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Visitor arrested for eating chicken with fork
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Ginny Dietrick laughs as Gainesville Police Chief Frank Hooper reads a citation for her arrest on her 91st birthday Monday at Longstreet Cafe. Dietrick was charged with eating fried chicken with a fork, which is a crime in Gainesville according to an ordinance passed in 1961. - photo by SARA GUEVARA

Ginny Dietrick fought the law Monday. But this time, she won.

The Louisiana resident was celebrating her 91st birthday by enjoying a lunch of Longstreet Cafe’s finest fried chicken Monday when Gainesville Police Chief Frank Hooper told Dietrick to put down her fork and listen up — she was under arrest.

Hooper informed Dietrick that it’s against city ordinance to eat fried chicken, “a culinary delicacy sacred to this municipality, this county, this state, the Southland and this republic,” with anything other than your fingers. The 1961 ordinance was put on city books as a sort of public relations stunt to promote Gainesville as the poultry capital of the world, Hooper said.

Dietrick had Gainesville resident and friend A.C. Marshall to thank for the practical joke. Dietrick can also thank Marshall for setting up her pardon.

Gainesville Mayor Myrtle Figueras was on hand at Longstreet Cafe to dismiss the charges of improper poultry consumption against Dietrick.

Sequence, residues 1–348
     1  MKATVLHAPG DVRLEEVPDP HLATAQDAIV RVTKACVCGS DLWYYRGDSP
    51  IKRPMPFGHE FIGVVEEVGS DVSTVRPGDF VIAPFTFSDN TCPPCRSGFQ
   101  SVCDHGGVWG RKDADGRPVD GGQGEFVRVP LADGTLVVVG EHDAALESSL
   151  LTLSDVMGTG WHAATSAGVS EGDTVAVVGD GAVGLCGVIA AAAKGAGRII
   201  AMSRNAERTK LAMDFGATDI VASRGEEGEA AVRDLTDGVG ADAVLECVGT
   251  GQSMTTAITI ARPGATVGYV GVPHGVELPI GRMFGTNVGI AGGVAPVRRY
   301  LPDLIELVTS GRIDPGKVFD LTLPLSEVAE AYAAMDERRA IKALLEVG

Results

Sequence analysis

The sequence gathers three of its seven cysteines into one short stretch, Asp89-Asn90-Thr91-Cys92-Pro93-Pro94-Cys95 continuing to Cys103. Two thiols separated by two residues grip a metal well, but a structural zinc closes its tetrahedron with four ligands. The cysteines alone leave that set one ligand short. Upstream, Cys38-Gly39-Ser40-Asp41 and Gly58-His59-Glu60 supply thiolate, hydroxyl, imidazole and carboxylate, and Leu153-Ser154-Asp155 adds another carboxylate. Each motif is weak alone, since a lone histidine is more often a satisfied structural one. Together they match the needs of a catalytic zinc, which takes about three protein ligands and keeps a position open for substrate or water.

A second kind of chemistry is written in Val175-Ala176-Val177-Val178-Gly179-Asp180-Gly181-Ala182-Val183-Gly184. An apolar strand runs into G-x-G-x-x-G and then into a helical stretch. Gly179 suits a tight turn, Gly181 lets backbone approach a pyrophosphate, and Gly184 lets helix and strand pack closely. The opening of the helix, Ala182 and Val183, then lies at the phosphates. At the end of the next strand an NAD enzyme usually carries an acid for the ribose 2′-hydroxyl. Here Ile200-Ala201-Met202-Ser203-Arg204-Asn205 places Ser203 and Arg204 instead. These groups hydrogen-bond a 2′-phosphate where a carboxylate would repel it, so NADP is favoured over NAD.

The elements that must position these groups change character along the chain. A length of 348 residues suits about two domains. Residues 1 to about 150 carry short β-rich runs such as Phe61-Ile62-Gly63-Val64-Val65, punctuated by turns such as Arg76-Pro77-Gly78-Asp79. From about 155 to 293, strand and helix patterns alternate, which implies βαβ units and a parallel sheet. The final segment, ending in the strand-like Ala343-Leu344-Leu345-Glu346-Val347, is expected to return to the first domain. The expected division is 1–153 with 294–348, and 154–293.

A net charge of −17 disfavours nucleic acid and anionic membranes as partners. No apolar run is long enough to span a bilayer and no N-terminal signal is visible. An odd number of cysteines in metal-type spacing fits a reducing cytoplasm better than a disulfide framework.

And Abit Massey, president-emeritus of the Georgia Poultry Federation, ordained Dietrick an Honorary Georgia Poultry Princess.
Figueras let her off easy.

“You are required to come back to Gainesville often and are required to eat lots of Gainesville chicken,” Figueras told her.

Dietrick said in all of her 91 years, this was her first run in with the law “except for a ticket I got once way back in the ’40s — something about parking,” she said.

Dietrick’s arrest citation ordered her not to get up from the table until she mastered the proper techniques for consuming this succulent delicacy, “down to and including the licking of the fingers upon the ingestion of the last available morsel.”

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